February 4, 2019

Podcast

Ted Schaeffer, M.D., Ph.D.: How to catch, treat, and survive prostate cancer (EP.39)

"With our algorithm. . .you can reduce biopsies by about one third, reduce detection of low-grade cancer by about one third, and you actually don't compromise the detection of higher grade disease. . .we have great tools to offer people very sophisticated screening for their prostate cancer." — Ted Schaeffer

by Peter Attia

Read Time 21 minutes

In this episode, Ted Schaeffer, Professor and Chair of the Department of Urology (youngest chairman in the country) at Northwestern, presents the roadmap for the best way to screen for, and treat, prostate cancer. We also get into the “mass screening” controversy and all the risks involved with treatment. In addition, we discuss our evolving understanding of cancer and the most exciting areas of research to come.

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We discuss:

  • Ted’s unique path to get his PhD [5:15];
  • The exciting transition in science during Ted’s PhD in the 1990s [15:30];
  • Ted’s advice to MD-PhD students, and why he choose urology and Johns Hopkins [23:45];
  • History of prostate surgery, and Pat Walsh’s legendary work in prostate cancer [36:15];
  • Prostate surgery and the risks involved with treatment [53:00];
  • Screening for prostate cancer [58:00];
  • The “mass screening” controversy [1:12:45];
  • Biopsies and MRI: important things to know [1:25:30];
  • Why urology is such a great field of medicine, and why Peter wants a goat [1:34:45];
  • Ted’s work with Ben Stiller [1:39:00];
  • Gleason grading system [1:43:45];
  • Testosterone, DHT and the prostate cancer controversy [1:53:15];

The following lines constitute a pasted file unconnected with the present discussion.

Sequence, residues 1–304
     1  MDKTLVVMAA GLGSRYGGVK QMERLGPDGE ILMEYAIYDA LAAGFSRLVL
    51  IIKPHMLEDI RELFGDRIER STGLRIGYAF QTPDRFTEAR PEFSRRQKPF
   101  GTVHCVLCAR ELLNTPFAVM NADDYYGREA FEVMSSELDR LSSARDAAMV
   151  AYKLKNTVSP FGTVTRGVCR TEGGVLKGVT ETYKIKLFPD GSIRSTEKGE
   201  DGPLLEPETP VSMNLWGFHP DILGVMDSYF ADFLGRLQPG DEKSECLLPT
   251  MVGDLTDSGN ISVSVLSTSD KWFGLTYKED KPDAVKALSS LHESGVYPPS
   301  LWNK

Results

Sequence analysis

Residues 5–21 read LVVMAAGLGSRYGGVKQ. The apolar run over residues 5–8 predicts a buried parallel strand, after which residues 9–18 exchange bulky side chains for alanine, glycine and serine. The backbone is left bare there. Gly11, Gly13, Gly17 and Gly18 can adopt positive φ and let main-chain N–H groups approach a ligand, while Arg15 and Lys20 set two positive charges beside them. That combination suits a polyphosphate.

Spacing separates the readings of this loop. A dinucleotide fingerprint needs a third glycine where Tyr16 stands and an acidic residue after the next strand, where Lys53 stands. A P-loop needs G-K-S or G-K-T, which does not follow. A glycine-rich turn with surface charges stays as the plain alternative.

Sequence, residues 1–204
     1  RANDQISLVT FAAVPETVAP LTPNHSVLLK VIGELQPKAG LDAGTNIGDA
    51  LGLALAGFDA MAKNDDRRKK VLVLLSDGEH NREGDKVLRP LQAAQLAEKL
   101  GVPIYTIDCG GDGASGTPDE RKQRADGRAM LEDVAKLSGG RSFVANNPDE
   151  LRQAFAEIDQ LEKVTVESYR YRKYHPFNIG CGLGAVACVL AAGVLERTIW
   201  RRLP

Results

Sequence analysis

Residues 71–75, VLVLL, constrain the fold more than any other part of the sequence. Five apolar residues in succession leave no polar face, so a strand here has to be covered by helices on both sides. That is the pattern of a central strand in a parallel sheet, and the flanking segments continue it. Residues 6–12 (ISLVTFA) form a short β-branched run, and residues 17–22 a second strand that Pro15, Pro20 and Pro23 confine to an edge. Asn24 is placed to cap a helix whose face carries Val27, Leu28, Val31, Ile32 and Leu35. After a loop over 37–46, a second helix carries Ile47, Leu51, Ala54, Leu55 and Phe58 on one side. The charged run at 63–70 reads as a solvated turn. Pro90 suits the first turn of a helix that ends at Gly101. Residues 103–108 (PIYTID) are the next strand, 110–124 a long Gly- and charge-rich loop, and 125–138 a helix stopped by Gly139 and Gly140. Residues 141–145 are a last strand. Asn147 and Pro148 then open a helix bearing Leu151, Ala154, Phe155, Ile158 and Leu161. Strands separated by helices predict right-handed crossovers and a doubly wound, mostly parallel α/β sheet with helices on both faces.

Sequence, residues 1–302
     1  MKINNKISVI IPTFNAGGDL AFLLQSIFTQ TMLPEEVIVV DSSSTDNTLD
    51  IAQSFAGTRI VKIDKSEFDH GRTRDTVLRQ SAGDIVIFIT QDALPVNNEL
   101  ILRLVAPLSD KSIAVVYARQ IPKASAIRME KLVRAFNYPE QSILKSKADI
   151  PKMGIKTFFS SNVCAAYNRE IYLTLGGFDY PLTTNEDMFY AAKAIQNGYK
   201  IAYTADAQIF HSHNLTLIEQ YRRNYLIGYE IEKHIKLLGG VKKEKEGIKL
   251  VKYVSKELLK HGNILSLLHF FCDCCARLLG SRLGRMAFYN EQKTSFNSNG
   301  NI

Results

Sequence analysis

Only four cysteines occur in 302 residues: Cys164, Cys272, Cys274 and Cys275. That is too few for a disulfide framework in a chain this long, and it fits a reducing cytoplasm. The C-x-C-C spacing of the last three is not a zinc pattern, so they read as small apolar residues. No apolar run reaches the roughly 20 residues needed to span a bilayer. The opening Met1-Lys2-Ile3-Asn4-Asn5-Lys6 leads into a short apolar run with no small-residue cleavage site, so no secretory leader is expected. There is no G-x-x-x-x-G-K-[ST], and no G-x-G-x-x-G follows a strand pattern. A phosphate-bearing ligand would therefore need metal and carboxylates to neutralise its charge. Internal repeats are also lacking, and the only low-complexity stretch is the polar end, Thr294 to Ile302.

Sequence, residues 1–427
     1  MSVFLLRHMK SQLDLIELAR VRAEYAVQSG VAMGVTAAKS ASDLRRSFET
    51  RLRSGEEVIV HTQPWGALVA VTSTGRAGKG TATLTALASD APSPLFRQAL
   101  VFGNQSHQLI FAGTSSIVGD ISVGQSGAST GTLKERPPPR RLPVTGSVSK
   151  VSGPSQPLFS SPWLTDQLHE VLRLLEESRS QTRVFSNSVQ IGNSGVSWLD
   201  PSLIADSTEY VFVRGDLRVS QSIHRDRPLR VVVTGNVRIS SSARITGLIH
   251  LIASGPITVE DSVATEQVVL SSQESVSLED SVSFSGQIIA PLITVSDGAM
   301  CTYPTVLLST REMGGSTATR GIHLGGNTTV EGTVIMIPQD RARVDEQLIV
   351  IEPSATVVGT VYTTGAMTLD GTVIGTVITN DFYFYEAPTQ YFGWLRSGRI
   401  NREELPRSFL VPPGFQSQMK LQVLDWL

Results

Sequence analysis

• The metabolism of the prostate [2:03:00];
  • The most exciting areas of research in prostate cancer [2:08:00];
  • Benign issues involving the prostate: pelvic pain, infections and treatments [2:11:15];
  • Video of Ted’s surgeries, the latest technology, and males contraceptive options [2:18:00];
  • Watches and cars [2:23:30]; and
  • More.

Ted’s unique path to get his PhD [5:15]

“People ask me about my life and how I got to where I am . . . and one of the things I talk to my trainees about is, you never walk by an open door without looking inside.”

Unique path to get his PhD

  • After 3 years of med school at Johns Hopkins, he left to study science for a year at the NIH (an uncommon decision)
  • Received a scholarship from the Howard Hughes Medical Institute
  • Got introduced to Pam Schwartzberg, a postdoc in the Varmus Lab
  • Varmus Lab: The lab of Harold Varmus (a Nobel Prize winner for his elucidation of the relationship between viruses and oncogenes)
  • Pam mentored Ted during his time in the lab
  • After his time at the NIH, Ted of granted his PhD from the University of Chicago for the great work he did even though it was not a formal PhD program

Attacking your weaknesses

⇒ Peter says: You said something a second ago that I love. Part of the reason you were attracted to immunology is you felt it was a weakness, and having spoken with a number of very good scientists, I find that to be a very common thread (Peter saw this trait in his mentor, Steven Rosenberg)

The exciting transition in science during Ted’s PhD in the 1990s

==> No longer single gene, single change . . . 

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